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  1. #1
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    CBC to cut 657 jobs

    http://www.cbc.ca/news/canada/cbc-to...ghts-1.2605504

    Funding shortfalls and revenue losses have forced CBC/Radio-Canada to cut $130 million from its budget this year, a move that will eliminate 657 jobs over the next two years and take the network out of competing for the rights to broadcast professional sports, the public broadcaster says.


    "Very tough and controversial choices needed to be made and were made," CBC president and CEO Hubert T. Lacroix said at a townhall meeting with staff Thursday.


    Lacroix said CBC could no longer compete against private broadcasters that have specialty sports channels and multiple media platforms.

    The result will mean "substantially reducing" the size of the sports department and covering fewer sporting events, including amateur sports. And the CBC will only consider broadcasting events that allow the network to break even, he said.


    But the CBC will still compete for sporting events of national significance, like the Olympics.



    Among the cuts, English Services will slash $82 million from its budget and eliminate 334 full-time jobs.


    Lacroix said the broadcaster looked for solutions to shield Canadian programming in prime time and its commitment to the regions and digital from cuts.


    "We were not able to protect these priorities as much as we would have liked to. And Canadians will now notice," he said.


    In news, the network will cut $13.3 million from its budget, resulting in 115 job losses.


    Radio will also reduce some of its live music performances and some local musical performance shows will be cancelled or consolidated into regional shows.


    Losing the rights to broadcast Hockey Night in Canada to Rogers was a significant loss, but only one of the factors leading to Thursday’s announced changes.


    CBC has been coping with a loss of $115 million in federal government funding over three years that was announced in the 2012 federal budget.


    Meanwhile, a softening of the advertising market and CBC’s poor performance in attracting the important 25-54 age demographic to its prime-time TV schedule represented a $47-million hit to the network’s revenue.


    Projected advertising sales for Radio 2 and Espace Musique have also fallen short, resulting in a $13-million loss.


    As well, fixed-cost increases of $42 million and a $30-million funding freeze from the federal government added pressures to the broadcaster’s budget.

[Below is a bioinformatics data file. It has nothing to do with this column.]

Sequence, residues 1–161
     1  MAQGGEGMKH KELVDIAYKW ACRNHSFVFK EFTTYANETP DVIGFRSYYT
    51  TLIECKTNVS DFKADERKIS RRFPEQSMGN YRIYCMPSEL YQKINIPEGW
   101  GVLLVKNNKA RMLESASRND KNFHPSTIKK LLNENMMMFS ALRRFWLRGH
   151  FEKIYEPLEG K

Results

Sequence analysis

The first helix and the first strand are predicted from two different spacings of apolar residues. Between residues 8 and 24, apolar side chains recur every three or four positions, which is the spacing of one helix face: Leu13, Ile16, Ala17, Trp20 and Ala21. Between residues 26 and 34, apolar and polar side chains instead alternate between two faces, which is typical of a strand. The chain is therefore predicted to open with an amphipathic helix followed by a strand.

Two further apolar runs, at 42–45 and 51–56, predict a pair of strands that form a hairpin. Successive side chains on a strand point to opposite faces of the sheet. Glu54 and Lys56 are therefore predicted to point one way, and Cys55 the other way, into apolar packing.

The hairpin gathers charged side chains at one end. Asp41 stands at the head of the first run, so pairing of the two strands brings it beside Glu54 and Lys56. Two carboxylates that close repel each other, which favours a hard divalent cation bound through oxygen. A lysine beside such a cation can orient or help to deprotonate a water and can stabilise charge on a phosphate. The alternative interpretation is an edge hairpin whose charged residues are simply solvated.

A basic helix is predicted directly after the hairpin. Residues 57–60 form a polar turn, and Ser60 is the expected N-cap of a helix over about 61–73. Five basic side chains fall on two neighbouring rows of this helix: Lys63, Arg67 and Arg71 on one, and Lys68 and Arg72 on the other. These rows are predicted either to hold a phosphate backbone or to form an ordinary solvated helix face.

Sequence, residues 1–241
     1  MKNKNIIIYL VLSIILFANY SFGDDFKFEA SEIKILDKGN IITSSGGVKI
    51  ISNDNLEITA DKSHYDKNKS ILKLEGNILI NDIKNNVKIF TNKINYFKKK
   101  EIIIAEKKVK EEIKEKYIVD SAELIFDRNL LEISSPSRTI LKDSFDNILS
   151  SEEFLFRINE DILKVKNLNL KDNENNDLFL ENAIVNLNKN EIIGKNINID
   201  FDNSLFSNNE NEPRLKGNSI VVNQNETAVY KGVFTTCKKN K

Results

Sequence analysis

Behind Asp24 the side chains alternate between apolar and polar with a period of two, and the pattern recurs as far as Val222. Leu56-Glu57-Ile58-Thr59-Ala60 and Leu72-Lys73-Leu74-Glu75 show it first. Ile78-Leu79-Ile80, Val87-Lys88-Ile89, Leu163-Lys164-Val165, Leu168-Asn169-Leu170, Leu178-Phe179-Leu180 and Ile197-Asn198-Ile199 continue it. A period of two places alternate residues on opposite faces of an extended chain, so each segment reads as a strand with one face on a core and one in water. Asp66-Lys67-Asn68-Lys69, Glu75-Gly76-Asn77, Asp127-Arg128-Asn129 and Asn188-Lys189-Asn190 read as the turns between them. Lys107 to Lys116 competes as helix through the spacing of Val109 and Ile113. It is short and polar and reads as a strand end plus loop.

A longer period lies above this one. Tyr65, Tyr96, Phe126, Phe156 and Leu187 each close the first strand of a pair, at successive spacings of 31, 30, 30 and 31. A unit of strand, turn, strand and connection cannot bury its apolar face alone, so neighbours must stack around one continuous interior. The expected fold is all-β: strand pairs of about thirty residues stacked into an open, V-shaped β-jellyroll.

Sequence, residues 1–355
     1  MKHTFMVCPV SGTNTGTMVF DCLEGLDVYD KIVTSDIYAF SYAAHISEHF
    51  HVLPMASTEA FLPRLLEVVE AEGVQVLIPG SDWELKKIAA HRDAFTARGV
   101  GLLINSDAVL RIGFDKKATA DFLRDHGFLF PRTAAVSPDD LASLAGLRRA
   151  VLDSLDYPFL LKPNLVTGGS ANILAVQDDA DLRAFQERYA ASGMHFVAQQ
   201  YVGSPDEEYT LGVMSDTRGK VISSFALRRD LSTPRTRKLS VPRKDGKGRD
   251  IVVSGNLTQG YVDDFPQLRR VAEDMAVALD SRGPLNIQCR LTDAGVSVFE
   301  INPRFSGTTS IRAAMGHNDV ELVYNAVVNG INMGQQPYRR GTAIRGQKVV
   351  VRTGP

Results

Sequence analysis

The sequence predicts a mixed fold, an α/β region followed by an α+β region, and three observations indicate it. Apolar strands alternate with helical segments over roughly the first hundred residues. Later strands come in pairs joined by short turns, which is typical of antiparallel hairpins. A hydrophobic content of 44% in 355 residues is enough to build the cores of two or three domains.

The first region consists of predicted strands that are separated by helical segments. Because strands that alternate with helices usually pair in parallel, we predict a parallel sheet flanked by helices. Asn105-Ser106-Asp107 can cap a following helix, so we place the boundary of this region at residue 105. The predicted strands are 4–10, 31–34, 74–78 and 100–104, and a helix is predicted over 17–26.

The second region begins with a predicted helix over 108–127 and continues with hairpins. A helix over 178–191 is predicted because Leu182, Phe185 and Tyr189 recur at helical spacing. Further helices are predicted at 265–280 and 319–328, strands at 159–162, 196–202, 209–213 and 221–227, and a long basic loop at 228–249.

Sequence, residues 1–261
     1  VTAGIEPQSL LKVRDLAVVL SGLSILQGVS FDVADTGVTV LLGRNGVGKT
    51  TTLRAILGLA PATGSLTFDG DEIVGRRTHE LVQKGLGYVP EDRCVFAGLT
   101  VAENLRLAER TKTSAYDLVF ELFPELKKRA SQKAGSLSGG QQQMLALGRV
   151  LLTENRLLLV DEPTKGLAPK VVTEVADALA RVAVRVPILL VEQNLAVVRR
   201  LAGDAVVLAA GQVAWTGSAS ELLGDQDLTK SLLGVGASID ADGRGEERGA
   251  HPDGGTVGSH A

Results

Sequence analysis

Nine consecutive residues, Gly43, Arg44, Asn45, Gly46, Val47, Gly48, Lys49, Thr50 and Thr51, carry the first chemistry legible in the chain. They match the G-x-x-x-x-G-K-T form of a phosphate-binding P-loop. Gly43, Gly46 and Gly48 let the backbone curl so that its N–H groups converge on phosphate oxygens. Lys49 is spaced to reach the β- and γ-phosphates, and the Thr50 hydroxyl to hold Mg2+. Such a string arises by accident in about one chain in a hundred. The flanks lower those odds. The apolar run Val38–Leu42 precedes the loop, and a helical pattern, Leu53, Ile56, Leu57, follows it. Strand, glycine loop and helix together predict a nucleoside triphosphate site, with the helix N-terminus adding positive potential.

Among the changes:


    • Television will have one less original series, to be replaced with a Best of the World series.
    • High cost reality series, like shows like Battle of the Blades, will be replaced with lower costing shows.
    • George Stroumboulopoulos Tonight, which is ending its 10-year run, will not be replaced. Instead, existing dramas will fill the time slot.
    • Cancellation of late night news in the North.
    • Service expansion into the London market shelved.

  2. #2
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    According to a CBC employee on Twitter "Some local news programs will be replaced with regional, network or syndicated ones. We don't know precisely what that mean".

    One of those changes includes regional weekend news for Alberta. Saskatchewan already has all their news regional, and the Maritimes already has regional late night and weekend news. Looks like CBC News will continue to a non-competitor in the ratings.

    I hope when they say they are sticking with The Olympics they are talking about the one they already paid for, and don't plan to lose money on future 2 week sporting events that happen once every 2 years at the benefit of the morally corrupt IOC.

  3. #3
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    Quote Originally Posted by TVViewer View Post
    Looks like CBC News will continue to a non-competitor in the ratings.
    At least you've found a silver lining for yourself in hundreds of people losing their jobs.

    Quote Originally Posted by TVViewer View Post
    I hope when they say they are sticking with The Olympics they are talking about the one they already paid for, and don't plan to lose money on future 2 week sporting events that happen once every 2 years at the benefit of the morally corrupt IOC.
    An unsubstantiated, unfunny criticism of the CBC. You sound like the guys at Sun News.

  4. #4
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    [QUOTE=SportsFan;65772]

    At least you've found a silver lining for yourself in hundreds of people losing their jobs.